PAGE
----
Today, Canada’s Minister of Finance Bill Morneau announced the government’s proposed legislative changes to the Canada Emergency Wage Subsidy (CEWS) as part of a bill that will be debated next week when the House of Commons sits. Some details:
1. The CEWS will be extended until December 19;
2. Will include employers with a revenue decline of less than 30% and providing a gradually decreasing base subsidy to all qualifying employers. This is meant to help many struggling employers with less than a 30% revenue loss get support to keep and bring back workers, while also ensuring those who have previously benefited could still qualify, even if their revenues recover and no longer meet the 30% revenue decline threshold; and,
3. Will introduce a top-up subsidy of up to an additional 25% for employers that have been most adversely affected by the pandemic. This is meant to help employers in industries that are recovering more slowly.
“Expanding the revenue loss eligibility criteria and timeline for the wage subsidy is the first step towards economic recovery as businesses re-open,” said Anita Huberman, CEO, Surrey Board of Trade.
“Eventually Canada needs to wind down subsidies. Many Canadians will still need assistance. Reforming the EI system to include a strong reskilling and upskilling component will provide this support. Many jobs that Canadian’s held are not coming back including travel, retail, restaurants, and other small businesses. It is time we pivot and commit to infrastructure – transportation, energy, resources – and workforce investments, collaborating with educational institutions across the province to instigate economic activity. Investing in reskilling, upskilling, retraining, and education are necessary post-COVID.”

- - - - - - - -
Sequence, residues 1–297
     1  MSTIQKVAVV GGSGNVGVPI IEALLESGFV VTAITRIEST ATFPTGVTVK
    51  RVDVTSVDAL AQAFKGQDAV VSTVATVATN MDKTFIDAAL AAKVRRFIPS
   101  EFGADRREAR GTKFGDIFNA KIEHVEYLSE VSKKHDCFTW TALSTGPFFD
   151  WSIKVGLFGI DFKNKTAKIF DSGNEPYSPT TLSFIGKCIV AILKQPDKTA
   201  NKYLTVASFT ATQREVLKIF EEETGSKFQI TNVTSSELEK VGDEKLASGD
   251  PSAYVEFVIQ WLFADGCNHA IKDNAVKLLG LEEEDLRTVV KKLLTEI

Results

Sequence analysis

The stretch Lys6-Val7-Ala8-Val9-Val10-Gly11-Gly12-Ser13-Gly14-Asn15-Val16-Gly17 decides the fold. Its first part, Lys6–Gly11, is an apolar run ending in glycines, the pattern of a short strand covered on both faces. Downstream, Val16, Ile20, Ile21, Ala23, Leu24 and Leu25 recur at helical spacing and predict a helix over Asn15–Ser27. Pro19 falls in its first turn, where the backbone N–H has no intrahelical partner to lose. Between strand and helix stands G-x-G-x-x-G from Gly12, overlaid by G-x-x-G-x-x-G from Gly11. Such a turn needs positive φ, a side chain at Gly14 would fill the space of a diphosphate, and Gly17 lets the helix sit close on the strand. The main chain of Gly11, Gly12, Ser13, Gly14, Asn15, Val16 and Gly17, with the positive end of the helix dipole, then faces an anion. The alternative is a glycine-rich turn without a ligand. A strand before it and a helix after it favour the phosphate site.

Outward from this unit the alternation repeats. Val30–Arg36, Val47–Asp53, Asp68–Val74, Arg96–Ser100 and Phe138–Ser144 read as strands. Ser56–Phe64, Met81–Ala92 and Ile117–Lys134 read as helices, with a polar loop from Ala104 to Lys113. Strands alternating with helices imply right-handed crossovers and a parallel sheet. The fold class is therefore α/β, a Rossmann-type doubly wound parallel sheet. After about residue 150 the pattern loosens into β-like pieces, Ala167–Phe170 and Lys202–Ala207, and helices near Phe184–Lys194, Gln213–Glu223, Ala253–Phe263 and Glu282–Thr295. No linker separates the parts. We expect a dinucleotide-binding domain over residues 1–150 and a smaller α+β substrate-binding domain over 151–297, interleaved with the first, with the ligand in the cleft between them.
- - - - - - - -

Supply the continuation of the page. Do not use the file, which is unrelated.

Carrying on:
Businesses also need the immediate approval of Bill C-17 to enable greater flexibility for businesses (many of which are not-for-profits) who use third-party payroll providers to qualify, as well as companies that acquired other businesses earlier in 2020, and had an increase in consolidated revenue for the months prior to the COVID-19 crisis as a result. Bill C-17 would also temporarily relax certain statutory regulatory and legal time limits that are difficult or impossible to meet as a result of the COVID-19 crisis.
“We hope employers will take advantage of the CEWS to add to their workforce. It is pivotal for our economy and to remove the dependency on the Canada Emergency Response Benefit (CERB).”